During the long processing time, various mistakes can ruin the exquisite vanilla spice. Mistakes can only be prevented through experience and careful handling. Top-quality and the uninterrupted quality chain is one of Vaniacom's greatest assets. This ensures best quality for Rapunzel products.  
After the long drying process, the fragrant vanilla beans are bundled.
After the long drying process, the fragrant vanilla beans are bundled.
After the long drying process, the fragrant vanilla beans are bundled.

Good perspectives thanks to fair-trade


Company owner Sitti Chihabiddine is a strong woman. It is very impressive to see how she managed to establish a successful company in an African-Muslim country and how she is respected by the local people. She also uses her energy and passion for helping and supporting others. She takes her role as entrepreneur seriously and wants to develop her home country. The social benefits for her employees exceed legal requirements. As an example, Sitti Chihabiddine provides her female workers with paid maternity leave.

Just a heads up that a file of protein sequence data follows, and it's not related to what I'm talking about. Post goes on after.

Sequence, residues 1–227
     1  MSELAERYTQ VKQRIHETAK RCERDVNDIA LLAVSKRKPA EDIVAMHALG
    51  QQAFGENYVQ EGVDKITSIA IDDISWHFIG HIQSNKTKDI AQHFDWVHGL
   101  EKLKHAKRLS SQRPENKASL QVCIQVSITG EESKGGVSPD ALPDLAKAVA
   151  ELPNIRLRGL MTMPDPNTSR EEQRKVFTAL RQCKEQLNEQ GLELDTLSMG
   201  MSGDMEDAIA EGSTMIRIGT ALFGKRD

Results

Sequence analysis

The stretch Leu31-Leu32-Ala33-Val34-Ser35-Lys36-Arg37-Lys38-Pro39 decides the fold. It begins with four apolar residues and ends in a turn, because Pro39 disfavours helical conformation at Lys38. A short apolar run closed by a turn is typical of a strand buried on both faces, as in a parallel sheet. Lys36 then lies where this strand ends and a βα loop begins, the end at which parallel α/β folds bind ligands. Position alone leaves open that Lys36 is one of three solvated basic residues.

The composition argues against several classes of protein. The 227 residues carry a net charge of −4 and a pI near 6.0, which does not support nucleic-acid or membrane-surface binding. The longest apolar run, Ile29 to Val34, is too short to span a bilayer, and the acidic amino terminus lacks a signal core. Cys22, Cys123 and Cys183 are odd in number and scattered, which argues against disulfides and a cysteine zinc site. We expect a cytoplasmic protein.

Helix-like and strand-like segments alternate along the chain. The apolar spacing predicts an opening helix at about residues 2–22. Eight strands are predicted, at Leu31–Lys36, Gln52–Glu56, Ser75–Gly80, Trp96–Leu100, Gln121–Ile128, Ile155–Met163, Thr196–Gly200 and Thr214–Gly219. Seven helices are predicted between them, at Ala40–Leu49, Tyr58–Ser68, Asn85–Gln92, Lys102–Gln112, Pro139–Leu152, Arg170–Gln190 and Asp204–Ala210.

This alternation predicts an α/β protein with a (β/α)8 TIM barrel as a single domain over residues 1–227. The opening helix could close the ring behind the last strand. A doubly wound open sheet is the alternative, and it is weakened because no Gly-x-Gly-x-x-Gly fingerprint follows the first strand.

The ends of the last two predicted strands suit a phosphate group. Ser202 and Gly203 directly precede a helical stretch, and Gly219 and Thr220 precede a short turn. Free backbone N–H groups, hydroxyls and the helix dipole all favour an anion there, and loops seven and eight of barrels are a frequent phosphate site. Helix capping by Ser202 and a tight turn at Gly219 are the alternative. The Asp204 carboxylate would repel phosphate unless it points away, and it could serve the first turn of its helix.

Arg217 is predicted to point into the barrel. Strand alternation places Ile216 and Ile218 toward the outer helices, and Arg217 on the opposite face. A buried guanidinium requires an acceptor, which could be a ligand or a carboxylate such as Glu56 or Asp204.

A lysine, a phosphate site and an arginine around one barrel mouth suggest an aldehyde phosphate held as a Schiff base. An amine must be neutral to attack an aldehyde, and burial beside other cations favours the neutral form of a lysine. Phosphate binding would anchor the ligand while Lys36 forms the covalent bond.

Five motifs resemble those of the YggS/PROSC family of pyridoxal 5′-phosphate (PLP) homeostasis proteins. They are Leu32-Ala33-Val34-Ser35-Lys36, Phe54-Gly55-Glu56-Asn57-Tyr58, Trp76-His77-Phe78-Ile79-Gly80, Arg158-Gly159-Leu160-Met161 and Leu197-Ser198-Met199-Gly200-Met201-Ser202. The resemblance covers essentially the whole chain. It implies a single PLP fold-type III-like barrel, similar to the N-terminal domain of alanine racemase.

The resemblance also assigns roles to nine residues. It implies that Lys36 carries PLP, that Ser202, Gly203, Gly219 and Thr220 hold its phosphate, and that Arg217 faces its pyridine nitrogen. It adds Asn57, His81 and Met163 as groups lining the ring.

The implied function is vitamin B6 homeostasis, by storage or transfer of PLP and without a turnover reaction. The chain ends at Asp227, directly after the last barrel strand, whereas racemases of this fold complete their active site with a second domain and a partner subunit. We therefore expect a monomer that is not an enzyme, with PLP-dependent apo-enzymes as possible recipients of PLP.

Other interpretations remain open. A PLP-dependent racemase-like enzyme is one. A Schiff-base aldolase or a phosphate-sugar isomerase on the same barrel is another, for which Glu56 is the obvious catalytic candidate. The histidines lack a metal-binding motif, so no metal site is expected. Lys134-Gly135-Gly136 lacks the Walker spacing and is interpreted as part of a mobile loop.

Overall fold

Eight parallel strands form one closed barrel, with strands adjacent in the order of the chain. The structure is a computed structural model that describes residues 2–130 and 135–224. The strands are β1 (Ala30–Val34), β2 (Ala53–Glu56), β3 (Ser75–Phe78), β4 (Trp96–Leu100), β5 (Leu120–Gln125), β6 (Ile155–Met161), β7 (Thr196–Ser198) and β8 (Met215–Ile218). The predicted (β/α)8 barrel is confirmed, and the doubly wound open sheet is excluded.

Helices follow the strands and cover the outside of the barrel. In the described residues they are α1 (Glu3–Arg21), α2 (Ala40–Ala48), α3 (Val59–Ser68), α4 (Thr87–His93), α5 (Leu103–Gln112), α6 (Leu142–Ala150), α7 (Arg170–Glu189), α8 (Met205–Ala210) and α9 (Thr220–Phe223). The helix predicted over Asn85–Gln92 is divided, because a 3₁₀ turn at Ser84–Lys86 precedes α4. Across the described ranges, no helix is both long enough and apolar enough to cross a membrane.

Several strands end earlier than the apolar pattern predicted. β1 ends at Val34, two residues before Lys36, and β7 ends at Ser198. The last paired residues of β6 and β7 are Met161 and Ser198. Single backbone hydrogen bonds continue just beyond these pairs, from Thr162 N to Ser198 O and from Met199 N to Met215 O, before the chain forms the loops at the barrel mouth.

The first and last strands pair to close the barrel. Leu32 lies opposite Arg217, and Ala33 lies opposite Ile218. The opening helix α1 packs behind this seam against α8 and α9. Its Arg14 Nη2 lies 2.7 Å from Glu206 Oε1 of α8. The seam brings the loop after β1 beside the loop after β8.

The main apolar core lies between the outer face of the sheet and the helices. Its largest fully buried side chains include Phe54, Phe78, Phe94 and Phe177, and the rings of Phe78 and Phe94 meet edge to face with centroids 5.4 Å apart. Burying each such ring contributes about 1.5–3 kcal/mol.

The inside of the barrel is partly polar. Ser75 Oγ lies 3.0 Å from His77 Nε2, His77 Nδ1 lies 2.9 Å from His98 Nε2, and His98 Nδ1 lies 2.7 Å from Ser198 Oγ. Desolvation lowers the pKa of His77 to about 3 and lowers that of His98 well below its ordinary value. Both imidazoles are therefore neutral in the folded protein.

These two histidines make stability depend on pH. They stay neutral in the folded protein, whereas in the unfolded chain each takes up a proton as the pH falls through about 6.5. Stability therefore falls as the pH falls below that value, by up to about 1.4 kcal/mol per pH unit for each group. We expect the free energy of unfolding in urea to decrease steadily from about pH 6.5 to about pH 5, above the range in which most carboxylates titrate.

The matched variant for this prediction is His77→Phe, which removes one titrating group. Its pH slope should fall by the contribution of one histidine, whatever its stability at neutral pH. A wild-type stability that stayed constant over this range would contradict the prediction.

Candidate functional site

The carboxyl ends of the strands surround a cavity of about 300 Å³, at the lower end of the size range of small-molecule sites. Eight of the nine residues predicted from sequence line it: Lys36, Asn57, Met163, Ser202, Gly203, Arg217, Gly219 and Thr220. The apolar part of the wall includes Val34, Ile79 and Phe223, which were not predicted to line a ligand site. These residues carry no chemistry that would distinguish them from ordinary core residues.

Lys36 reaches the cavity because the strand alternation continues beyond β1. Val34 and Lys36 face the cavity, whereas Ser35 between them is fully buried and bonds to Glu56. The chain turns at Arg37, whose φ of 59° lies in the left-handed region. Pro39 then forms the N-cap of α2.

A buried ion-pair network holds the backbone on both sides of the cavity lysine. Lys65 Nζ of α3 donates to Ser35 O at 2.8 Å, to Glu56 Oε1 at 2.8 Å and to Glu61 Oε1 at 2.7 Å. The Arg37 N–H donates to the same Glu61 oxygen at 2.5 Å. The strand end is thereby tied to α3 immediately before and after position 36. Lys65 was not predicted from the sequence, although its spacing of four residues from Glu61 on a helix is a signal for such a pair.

She is also involved in helping her farming partners. Some time ago, she initiated a new project with Ylang-Ylang in order to provide additional income to the farmers. Ylang-Ylang is not only suitable as a supportive plant for vanilla but has also perfect growing conditions on the Comoros and is at the same time one of the few export goods on the islands. 

But with the fair-trade bonus from the HAND IN HAND program, Vaniacom can achieve even more. As a first step, the HAND IN HAND partner and the members of the farmers cooperative decided to invest the bonus from the fair-trade program in the development of health insurance and made a dream come true.